A Brief Note on Groundhog Day – Parsha Vayigash

The elements of God’s design for one line of Abraham’s descendants begin to mesh in Parsha Vayigash. He had promised that they would be, at some future point, a great nation, both in reputation and number but, again at some point, they would also live among an alien people, and not in the lands God had promised. There, they would be enslaved and enfeebled. Joseph’s ascendancy to powering Egypt created an opportune environment for the Israelites to settle and begin to expand their ranks. The drought in Canaan gave them reason to go to Egypt. Continue reading

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A Brief Note on Sticky Sagas – Parsha Miketz

In Parsha Lech Lecha the Torah records some of God’s promises to Abraham; that his descendants would be given a land of their own and that they would prosper, be great in numbers and in repute. There was a third promise. One as ominous as it is enigmatic, that Abraham’s descendants would be forced into exile to seek refuge in a land that was not theirs, and where they would be enslaved and brutalized for four hundred years. Unfortunately, Abraham’s kin has not grown into a vast nation and settlement of the promised lands was not proving a successful venture. Continue reading

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A Brief Note on Dramatic Tragedy – Parsha Vayeshev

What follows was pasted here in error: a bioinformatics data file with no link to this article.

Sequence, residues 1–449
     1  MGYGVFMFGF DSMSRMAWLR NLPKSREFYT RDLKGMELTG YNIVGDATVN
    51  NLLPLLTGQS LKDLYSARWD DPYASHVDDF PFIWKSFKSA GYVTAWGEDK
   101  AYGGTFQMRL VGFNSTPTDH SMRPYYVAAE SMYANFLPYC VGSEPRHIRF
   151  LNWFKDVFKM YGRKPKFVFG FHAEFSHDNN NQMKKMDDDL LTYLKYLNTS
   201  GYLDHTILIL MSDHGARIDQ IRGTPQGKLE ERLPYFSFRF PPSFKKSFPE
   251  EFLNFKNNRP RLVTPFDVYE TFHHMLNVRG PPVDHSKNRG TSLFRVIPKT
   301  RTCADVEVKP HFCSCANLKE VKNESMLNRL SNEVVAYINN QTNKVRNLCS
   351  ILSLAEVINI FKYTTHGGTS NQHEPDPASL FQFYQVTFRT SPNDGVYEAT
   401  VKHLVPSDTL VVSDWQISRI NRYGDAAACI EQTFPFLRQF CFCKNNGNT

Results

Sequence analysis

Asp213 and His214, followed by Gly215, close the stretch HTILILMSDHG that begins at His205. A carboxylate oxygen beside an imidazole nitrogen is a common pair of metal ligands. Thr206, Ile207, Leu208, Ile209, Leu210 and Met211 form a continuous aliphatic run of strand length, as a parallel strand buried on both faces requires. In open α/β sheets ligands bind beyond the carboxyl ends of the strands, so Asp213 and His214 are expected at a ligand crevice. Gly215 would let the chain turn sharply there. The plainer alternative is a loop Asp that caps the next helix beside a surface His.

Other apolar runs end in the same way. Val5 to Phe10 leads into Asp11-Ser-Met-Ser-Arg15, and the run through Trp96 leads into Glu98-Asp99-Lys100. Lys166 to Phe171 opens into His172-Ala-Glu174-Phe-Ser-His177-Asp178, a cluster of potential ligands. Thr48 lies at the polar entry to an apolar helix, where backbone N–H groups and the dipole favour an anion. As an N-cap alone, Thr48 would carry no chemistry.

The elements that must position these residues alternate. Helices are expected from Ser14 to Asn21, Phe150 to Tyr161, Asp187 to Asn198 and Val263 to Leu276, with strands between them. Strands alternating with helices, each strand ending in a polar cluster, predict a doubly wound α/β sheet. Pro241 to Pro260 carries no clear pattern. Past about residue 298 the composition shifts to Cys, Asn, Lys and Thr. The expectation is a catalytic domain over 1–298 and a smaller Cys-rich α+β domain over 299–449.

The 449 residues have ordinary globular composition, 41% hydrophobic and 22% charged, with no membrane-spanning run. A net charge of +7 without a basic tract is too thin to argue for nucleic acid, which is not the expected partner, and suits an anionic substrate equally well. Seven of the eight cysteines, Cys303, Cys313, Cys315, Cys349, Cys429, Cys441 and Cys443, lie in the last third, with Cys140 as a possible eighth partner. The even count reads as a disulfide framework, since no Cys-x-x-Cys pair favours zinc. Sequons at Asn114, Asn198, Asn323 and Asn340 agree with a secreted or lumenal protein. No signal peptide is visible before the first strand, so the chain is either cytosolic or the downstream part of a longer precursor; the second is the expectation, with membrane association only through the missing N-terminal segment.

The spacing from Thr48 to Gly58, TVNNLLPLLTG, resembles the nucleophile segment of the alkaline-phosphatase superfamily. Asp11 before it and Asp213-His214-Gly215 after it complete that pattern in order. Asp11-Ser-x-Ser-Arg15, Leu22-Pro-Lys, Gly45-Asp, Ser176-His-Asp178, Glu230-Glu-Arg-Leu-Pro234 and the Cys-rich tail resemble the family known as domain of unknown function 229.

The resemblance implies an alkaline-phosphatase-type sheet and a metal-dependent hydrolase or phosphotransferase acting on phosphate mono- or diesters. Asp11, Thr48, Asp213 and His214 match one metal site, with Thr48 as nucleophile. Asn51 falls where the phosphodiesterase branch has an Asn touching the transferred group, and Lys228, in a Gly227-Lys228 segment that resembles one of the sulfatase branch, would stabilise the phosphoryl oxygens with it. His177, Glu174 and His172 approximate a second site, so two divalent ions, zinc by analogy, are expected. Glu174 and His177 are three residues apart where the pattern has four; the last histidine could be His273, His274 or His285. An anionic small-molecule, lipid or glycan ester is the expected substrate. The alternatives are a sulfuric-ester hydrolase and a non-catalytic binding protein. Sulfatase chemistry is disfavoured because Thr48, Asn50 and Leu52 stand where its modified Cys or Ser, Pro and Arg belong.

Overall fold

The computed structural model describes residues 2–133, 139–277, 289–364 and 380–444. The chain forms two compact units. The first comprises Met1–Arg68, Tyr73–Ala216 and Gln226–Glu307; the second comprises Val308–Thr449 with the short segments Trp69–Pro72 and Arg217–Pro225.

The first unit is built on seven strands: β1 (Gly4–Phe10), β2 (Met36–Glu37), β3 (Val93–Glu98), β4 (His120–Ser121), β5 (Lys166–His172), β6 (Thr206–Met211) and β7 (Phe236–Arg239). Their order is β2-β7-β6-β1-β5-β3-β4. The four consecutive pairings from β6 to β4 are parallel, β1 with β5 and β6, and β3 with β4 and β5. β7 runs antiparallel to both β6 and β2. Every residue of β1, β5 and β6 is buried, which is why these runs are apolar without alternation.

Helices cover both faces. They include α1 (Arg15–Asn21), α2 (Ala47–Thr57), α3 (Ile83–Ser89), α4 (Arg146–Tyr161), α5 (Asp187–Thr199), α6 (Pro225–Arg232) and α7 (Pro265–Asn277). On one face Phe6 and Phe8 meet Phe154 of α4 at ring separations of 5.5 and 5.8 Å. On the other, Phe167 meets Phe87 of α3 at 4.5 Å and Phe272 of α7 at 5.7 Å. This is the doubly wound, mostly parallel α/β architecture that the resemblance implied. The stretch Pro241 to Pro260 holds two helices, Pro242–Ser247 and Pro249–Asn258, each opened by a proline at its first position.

The saga of Jacob and his sons has the air of brutal honesty; he and his mother deceive Isaac and then he in turn is deceived by his wives to be Leah and Rachel. Moreover, he is deceived by his sons: Reuben, the titled first born, commits the heinous sin of bedding his father’s concubine Bilhah. Continue reading

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A Brief Note on Dishonouring Honour/Honouring Dishonour – Parsha Vayishlach

Honour is a very amorphous concept whose exercise is often guided by very subjective determinants. In Parsha VaYishluch, the idea of honour; what it is and to whom does it belong, is illustrated by two incidents that stand apart from the main narrative. Though somewhat dissimilar, they both reek of false honour and actual dishonour, and prima facie impart messages seemingly at odds with the order of the Torah. Continue reading

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A Brief Note on Loss – Parsha Chaye Sarah

Abraham is one of the great hero’s of the Torah, a brave warrior, a generous host and uncle, and most importantly a loyal and noble man with complete and absolute faith in God. What He said, he heeded; what he was asked to do, he did. Since his call from God to leave his land, his birthplace and his father’s home, he has been cast as a dynamic hero whose numerous exploits and adventures filled the narratives with passion, pride and purpose. Continue reading

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A Brief Note on Angels – Parsha VaYera

It should remain clear that the Torah was written purposefully and very successfully to; inter alia provoke discussion, which leads to more discussion and continual interpretations. In that regard, it has been very successful. These discussions can at times elucidate the distinct schools of thought relating to the interpretations of the words used in the text and the different frames of reference. Continue reading

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A Brief Note on the Good Book – Parsha Lech-Lecha

Traditional commentators shy from labeling the Torah as a book of history or science and reject attempts to describe it as literature, notwithstanding as a reporter of lives lived, challenges met and events unfolding, it most certainly is. Importantly, it advises on identity and purpose. Continue reading

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